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Races/Exclusive Use
Time Sharing


Halleh Fatheisian
Eric Rosenberger

A brief timeline of related historical events. Click on a yellow marker or year link for more information.

Introduction to Processing

Every day of our lives we spend all of our conscious moments engaged in a wide variety of activities, from the complex to the mundane. Sometimes these activities can be routine, such as eating, driving, or performing repetitive tasks at work. Other times, they can be activities with which we are less familiar, either because we have never done them before, or simply because we have not yet mastered them. Altogether, these activities fully occupy our lives, both physically and mentally, for even when we are not physically active, our minds are engaged in the activity of conscious thought. And, despite their variety, all of these activities have one thing in common -- they require following processes.

A process is a sequence of steps that, when followed in order, completes an activity.

A process is nothing more than a sequence of steps that, when followed in order, completes an activity or some subset thereof. Without processes to serve as guides, we would be unable to function in any capacity, because we would be unable to determine what to do next. And, although we often do not actively think about the processes we follow, particularly routine ones, we still follow them intuitively. This concept is important to understand, because it allows for the development of automation technology. Throughout history, inventors have been able to examine the processes which people follow and devise machinery which, by following roughly the same processes, accomplishes the same goals, without requiring the same level of human exertion. These automated time- and labor-saving devices range from the simple, such as the loom, which eliminates much of the tedium of weaving cloth, to the complex, such as the automated telephone switch, which can do the job of many human telephone operators in a fraction of the time.

In the past few decades, a new class of automated machinery has come about, utilizing sophisticated electronic circuitry to follow complex processes that would be impossible for mechanical contraptions. This class of machinery primarily encompasses the computer, which is perhaps the ultimate automation device. Because the computer is programmable, it can be configured to follow a vast array of different processes, and complete a wide variety of tasks. And, even though some processes from human life are beyond its capabilities, it can still be used to automate portions of these processes. Thus, today the computer plays either a primary or supporting role in many different processes in which we are involved.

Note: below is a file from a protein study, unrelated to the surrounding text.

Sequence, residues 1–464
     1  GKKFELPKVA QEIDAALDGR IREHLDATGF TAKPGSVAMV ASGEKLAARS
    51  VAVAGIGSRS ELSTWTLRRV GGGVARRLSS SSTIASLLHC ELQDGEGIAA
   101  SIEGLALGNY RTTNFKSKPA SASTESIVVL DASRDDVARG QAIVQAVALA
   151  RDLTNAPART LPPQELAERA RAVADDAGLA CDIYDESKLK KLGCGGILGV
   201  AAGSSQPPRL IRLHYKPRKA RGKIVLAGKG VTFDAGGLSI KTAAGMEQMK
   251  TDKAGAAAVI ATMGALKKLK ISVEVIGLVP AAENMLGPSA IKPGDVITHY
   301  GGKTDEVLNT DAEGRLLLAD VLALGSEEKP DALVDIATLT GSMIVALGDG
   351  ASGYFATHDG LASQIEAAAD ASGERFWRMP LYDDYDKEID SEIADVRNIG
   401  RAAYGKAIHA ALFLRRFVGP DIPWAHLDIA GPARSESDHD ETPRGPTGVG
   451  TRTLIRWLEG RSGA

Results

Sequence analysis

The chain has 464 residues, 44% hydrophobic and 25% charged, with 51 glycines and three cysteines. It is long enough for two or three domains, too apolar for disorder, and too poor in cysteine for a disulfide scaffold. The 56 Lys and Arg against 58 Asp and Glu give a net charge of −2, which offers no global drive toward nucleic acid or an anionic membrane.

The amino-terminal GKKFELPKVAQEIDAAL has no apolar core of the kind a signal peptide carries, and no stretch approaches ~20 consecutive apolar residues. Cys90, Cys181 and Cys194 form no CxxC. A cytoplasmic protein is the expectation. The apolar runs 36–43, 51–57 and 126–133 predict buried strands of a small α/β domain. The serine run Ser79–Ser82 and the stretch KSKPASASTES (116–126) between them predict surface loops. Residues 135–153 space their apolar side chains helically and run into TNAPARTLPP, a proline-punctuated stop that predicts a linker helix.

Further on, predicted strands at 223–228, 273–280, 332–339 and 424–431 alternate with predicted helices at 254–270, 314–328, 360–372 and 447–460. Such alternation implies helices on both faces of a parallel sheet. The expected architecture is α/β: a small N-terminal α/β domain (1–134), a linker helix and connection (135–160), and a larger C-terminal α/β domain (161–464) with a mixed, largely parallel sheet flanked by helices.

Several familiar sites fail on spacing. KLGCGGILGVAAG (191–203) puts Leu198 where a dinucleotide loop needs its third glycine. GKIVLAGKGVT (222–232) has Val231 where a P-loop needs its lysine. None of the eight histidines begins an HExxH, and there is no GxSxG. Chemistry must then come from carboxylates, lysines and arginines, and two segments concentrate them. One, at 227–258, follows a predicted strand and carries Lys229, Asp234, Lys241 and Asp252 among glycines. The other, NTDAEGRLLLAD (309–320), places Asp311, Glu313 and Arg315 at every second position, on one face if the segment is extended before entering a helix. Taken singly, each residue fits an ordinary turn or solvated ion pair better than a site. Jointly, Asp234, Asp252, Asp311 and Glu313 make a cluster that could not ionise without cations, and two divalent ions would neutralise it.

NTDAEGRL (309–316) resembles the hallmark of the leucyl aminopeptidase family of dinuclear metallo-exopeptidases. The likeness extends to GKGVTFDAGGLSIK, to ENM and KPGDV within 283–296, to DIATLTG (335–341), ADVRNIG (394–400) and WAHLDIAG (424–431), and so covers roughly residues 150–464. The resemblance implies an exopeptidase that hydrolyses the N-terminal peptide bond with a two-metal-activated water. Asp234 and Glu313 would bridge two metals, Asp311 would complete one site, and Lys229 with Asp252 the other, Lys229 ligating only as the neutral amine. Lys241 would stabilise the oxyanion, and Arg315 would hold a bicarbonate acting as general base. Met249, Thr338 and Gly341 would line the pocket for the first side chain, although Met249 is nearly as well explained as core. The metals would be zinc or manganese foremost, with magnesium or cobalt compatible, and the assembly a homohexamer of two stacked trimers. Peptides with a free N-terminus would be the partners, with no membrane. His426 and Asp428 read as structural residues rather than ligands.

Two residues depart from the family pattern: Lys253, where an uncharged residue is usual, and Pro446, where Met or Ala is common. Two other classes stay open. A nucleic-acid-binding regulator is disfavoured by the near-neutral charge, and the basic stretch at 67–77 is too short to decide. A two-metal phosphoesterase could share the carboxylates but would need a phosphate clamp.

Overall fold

Of course, life is not quite as straightforward as simply following processes. Because there is only a limited amount of space in the world, it is quite possible for the processes that various people are following to conflict with each other. If these conflicts are not solved gracefully, the involved processes may never be completed, so coordination procedures are necessary. Generally, there are five types of coordination that people are concerned with:


Sometimes several people can be using the same resource for their own purposes, and changes they make to the resource can leave it in a different state depending on who made the last change. The next person who wishes to use the resource can then no longer be guaranteed to find it in a particular state. For example, if three people share the use of a car, and it is agreed that one person will drive to the store to buy groceries and another (at a different time) will fill up the gas tank, both while the third person is away, depending on the order in which the first two carry out their chores the third may find either a full tank or a partially spent tank. This problem is known as a race condition, because the outcome varies depending on who "wins" the race.

Exclusive Use

There are many resources in the world which can only be used by one person or group at a time. For example, an airplane seat can be sold only to one person per flight, because multiple people cannot share it. Similarly, on a single-lane bridge, only cars going in one direction can pass at a time without causing a collision. This is known as exclusive use. Usually people can ensure exclusive use through the use of a communication or signalling system. In the former example, a system of reservation records can alert an airline employee that a seat has already been sold before another sale is made. In the latter example, traffic signals (and laws about obeying the traffic signals) can bring order to the situation.